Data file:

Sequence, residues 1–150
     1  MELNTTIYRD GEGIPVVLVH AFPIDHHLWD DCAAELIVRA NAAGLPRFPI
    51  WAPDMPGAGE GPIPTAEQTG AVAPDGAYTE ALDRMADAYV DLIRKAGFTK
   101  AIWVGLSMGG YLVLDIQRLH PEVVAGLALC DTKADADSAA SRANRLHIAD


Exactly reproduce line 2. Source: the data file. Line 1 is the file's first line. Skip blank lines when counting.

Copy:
     1  MELNTTIYRD GEGIPVVLVH AFPIDHHLWD DCAAELIVRA NAAGLPRFPI